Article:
What happens after I submit a report?

After you submit a report, you will see a confirmation message from us alerting you that we received your report (it may take up to 24 hours before you see a message). We will review the reported account and/or Tweet(s), and/or Direct Message(s). If we determine that the account, and/or Tweet(s), and/or Direct Message(s) are in violation of our policies, we will take action (ranging from a warning to permanently suspending the account). You will receive a follow up from us if we need more information from you, or when we take action on the reported account, and/or Tweet(s), and/or Direct Message(s).

Additionally, the original content of reported Tweets will be replaced with a notice stating that you reported it. You may click through and view the Tweet should you wish.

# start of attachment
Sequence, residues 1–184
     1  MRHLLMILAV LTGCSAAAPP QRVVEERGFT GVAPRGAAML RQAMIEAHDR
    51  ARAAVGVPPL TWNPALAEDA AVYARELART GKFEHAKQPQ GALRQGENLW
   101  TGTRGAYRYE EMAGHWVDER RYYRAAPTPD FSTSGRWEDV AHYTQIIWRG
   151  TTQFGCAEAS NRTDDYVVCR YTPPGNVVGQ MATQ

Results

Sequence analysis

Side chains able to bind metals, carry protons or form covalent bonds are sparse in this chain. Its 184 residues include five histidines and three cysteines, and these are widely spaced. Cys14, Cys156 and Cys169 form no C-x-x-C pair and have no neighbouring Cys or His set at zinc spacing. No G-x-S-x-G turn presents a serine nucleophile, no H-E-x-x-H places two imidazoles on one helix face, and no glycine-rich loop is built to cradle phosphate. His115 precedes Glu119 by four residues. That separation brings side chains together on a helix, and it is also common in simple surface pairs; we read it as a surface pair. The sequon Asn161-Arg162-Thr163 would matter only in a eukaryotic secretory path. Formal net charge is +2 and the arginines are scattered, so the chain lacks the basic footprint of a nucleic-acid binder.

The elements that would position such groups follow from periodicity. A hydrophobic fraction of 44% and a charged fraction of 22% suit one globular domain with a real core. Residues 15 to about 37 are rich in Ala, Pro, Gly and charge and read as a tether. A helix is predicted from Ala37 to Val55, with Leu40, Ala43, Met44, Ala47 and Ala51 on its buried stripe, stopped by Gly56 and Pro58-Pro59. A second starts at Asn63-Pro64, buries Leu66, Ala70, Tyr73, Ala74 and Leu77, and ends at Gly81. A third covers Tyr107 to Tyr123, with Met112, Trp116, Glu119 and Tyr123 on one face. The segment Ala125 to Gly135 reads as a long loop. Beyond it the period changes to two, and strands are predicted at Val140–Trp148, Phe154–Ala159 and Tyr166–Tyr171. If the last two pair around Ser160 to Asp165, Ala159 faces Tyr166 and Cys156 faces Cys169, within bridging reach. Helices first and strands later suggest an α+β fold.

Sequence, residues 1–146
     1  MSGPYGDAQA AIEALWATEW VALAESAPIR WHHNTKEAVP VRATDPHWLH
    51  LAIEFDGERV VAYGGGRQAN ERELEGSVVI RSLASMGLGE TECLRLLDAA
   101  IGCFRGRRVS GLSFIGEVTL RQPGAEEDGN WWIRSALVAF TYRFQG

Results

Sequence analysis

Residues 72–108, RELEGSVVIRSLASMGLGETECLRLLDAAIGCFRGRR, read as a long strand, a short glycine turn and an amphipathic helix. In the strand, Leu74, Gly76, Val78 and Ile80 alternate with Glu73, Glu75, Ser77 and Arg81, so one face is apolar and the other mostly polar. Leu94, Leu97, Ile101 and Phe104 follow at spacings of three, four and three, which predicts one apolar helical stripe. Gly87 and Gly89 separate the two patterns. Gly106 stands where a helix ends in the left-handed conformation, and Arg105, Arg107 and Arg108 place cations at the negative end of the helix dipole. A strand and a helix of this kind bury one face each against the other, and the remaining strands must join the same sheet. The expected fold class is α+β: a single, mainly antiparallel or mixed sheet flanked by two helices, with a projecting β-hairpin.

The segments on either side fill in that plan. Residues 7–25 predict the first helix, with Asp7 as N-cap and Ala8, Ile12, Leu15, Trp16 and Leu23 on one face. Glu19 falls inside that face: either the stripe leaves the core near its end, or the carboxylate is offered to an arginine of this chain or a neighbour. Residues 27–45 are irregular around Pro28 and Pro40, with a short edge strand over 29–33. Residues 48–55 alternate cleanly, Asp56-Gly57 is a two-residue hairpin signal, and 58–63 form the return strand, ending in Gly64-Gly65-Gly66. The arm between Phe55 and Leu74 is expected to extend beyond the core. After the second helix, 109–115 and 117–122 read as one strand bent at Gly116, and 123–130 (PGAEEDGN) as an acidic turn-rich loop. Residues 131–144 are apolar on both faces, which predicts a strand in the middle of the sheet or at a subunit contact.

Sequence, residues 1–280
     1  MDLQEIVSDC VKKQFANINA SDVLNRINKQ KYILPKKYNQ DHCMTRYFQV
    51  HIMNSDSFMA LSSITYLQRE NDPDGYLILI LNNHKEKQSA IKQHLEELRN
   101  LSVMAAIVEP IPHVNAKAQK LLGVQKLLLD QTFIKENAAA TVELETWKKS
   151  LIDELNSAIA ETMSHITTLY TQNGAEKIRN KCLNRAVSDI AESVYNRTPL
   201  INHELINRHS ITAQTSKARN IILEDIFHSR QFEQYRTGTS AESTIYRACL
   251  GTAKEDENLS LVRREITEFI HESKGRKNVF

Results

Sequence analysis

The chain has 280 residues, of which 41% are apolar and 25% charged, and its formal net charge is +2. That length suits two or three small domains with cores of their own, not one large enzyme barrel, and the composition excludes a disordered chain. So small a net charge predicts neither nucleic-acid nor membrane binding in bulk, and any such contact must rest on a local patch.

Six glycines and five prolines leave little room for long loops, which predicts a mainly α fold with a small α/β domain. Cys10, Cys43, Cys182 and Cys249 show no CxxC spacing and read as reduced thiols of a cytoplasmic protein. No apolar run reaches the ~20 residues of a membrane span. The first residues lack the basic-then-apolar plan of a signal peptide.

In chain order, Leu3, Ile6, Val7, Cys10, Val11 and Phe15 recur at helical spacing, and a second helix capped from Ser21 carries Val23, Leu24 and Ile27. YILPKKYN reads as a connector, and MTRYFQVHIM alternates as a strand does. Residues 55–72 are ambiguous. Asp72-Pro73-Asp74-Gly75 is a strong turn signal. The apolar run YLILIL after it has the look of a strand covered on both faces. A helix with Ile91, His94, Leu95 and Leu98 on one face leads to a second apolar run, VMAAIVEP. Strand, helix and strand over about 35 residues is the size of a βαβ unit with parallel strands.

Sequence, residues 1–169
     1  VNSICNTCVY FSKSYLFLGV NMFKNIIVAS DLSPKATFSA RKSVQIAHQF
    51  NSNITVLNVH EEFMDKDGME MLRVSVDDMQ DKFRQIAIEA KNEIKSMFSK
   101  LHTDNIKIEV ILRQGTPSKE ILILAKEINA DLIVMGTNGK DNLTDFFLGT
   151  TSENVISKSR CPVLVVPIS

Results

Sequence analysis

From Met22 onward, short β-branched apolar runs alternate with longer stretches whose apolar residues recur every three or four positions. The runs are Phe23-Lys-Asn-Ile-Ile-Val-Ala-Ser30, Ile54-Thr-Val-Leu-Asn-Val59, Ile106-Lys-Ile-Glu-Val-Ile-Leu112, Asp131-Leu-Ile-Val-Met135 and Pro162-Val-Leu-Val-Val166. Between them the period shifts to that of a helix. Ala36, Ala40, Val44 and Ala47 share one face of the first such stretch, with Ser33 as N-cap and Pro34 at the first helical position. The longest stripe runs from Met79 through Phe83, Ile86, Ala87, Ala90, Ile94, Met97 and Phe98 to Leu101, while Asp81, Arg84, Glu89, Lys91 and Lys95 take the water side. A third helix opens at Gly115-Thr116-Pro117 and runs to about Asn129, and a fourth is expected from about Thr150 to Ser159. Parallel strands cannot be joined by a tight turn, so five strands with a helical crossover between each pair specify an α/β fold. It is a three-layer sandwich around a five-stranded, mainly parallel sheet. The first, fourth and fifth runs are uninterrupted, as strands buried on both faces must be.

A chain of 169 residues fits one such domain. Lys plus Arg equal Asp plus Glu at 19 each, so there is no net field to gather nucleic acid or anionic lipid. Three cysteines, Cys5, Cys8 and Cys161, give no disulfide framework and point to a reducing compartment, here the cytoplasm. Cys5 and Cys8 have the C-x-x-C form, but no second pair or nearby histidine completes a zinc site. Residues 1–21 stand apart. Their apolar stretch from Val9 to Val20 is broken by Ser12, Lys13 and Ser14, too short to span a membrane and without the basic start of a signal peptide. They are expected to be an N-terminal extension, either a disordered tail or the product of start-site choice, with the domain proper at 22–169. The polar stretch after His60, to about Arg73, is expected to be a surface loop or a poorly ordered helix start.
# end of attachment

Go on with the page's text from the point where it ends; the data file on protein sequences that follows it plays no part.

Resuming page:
Note: Additionally, you will receive an in-product notification if an action is taken on an account that you recently reported. This action may or may not be related to your report.

Why can’t Twitter block an account from making new accounts?

IP blocking is generally ineffective at stopping unwanted behavior, and may falsely prevent legitimate accounts from accessing our service.

IP addresses are commonly shared by many accounts in a variety of locations, meaning that blocking a single IP may prevent a large number of unconnected accounts from logging in to Twitter. In addition, IP addresses are easy to change and blocks can be easily circumvented by logging in from a different location, a third-party service, or one of many free websites or applications.

Can Twitter give me another account’s information?